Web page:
“We run into this a lot,” Rogers said. “The law says a document is public once it is created. The law says nothing about that it must be approved (before being publicly released).”
The Nerve, through its parent organization, the South Carolina Policy Council, is an associate member of the Press Association.
Contacted Thursday by The Nerve, longtime Chester County Supervisor Carlisle Roddey said the CCED approved the $35.7 million grant for the Giti Tire project.
“I saw the amount of money coming through, and I signed it and sent it straight on through,” he said.
Although the county was required to sign the grant agreement with the CCED and Giti Tire, the tax dollars will go directly – likely in increments based on the company meeting certain requirements – from the state to the company, Roddey said.
“It goes straight to the company,” he said, adding jokingly, “If I got $35 million, my treasurer would go crazy.”
Roddey said Giti Tire will use the grant to “buy land and put in a lot of infrastructure” for its planned 1.8-million-square-foot manufacturing and distribution facility in the Carolinas I-77 Mega Site in the county’s Richburg area.
The Nerve first reported in March that the budget-writing House Ways and Means Committee approved putting $37.3 million into Commerce’s “deal closing fund,” though Hitt at the time publicly gave lawmakers no details on why specifically the money was needed. The ratified state budget for this fiscal year, which started July 1, appropriates the $37.3 million to the deal closing fund – $12.4 million from state surplus revenues and $24.9 million from the state’s Capital Reserve Fund, a “rainy-day” fund that lawmakers have raided in recent years.
The “deal closing fund,” or “governor’s closing fund,” or “closing fund” for short, is used by Commerce to get companies to locate or expand in the state. The fund is authorized annually through obscure state budget provisos.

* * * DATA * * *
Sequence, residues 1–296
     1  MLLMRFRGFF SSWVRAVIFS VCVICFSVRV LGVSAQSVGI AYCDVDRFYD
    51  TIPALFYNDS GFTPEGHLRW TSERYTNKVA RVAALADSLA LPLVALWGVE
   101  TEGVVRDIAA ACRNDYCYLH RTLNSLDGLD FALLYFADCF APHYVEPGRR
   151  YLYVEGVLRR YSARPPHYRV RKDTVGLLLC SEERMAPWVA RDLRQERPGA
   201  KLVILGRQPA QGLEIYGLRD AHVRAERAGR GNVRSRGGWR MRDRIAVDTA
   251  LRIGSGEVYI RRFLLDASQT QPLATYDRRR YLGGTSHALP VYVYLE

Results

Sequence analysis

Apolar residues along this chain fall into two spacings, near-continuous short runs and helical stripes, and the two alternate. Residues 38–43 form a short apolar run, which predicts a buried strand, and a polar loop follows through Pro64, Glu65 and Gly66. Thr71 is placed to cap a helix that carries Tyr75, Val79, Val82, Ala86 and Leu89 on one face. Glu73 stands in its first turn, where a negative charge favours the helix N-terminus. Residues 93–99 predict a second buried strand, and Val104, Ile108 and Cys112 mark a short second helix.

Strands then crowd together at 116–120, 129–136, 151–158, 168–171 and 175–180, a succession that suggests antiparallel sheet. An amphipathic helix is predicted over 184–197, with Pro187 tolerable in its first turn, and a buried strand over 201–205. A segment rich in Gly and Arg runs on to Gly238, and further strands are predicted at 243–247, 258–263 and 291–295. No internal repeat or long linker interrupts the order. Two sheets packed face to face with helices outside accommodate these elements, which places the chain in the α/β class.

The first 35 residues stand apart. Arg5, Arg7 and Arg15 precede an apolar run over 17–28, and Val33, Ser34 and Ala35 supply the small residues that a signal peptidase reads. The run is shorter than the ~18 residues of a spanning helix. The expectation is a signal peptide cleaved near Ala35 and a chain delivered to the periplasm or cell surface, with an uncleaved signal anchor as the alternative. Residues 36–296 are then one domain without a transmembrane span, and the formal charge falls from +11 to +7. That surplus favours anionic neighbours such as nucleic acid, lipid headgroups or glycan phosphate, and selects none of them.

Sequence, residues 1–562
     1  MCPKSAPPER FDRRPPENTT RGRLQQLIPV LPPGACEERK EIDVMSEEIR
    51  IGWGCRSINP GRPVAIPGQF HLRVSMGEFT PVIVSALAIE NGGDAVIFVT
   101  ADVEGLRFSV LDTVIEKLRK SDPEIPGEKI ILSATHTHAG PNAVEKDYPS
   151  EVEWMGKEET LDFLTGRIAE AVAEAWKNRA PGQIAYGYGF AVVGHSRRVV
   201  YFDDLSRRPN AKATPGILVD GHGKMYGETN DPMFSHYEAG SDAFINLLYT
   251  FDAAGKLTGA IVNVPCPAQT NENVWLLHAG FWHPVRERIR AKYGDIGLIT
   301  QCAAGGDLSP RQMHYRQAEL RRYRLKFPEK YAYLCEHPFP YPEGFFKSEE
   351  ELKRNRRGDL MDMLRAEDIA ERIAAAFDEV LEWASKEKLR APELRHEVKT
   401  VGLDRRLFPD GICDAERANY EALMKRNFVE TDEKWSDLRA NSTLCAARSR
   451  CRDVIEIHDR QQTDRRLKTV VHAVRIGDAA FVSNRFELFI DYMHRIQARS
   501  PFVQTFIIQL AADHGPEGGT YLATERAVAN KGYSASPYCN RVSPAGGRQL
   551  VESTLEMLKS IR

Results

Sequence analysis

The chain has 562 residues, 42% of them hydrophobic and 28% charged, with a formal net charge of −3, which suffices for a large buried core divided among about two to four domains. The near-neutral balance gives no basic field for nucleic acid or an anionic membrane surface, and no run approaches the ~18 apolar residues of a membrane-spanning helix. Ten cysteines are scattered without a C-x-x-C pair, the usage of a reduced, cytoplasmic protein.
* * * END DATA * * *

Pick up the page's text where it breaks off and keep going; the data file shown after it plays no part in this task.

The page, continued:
Haley didn’t mention the $35.7 million closing-fund grant in announcing the Giti Tire project. Skipper later revealed that amount to The Nerve; she also said then a $2 million state Rural Infrastructure Authority grant was awarded for the project.
In addition, Skipper said then the CCED approved job development credits for Giti Tire, which are rebates of a portion of employee wage withholdings. Factors affecting the amount of those credits that eligible companies can claim – which can total in the millions over time – include the number of jobs created, the level of wages paid, and the location of the company.
Roddey told The Nerve that Giti Tire also will receive a major break on property taxes through a fee-in-lieu-of-taxes (FILOT) agreement with the county, adding it was his understanding the length of the agreement was in the range of “40 to 50” years.
Asked if he believed Giti Tire deserves to get tens of millions in taxpayer-backed incentives, Roddey replied, “Every penny of it,” explaining that his small, rural county has suffered economically for years with the loss of thousands of textile jobs.
“On incentives, you’ve got to give to get,” Roddey said. “That’s life now in economic development.”
Reach Brundrett at (803) 254-4411 or email@example.com. Follow him on Twitter @thenerve_rick. Follow The Nerve on Facebook and Twitter @thenervesc.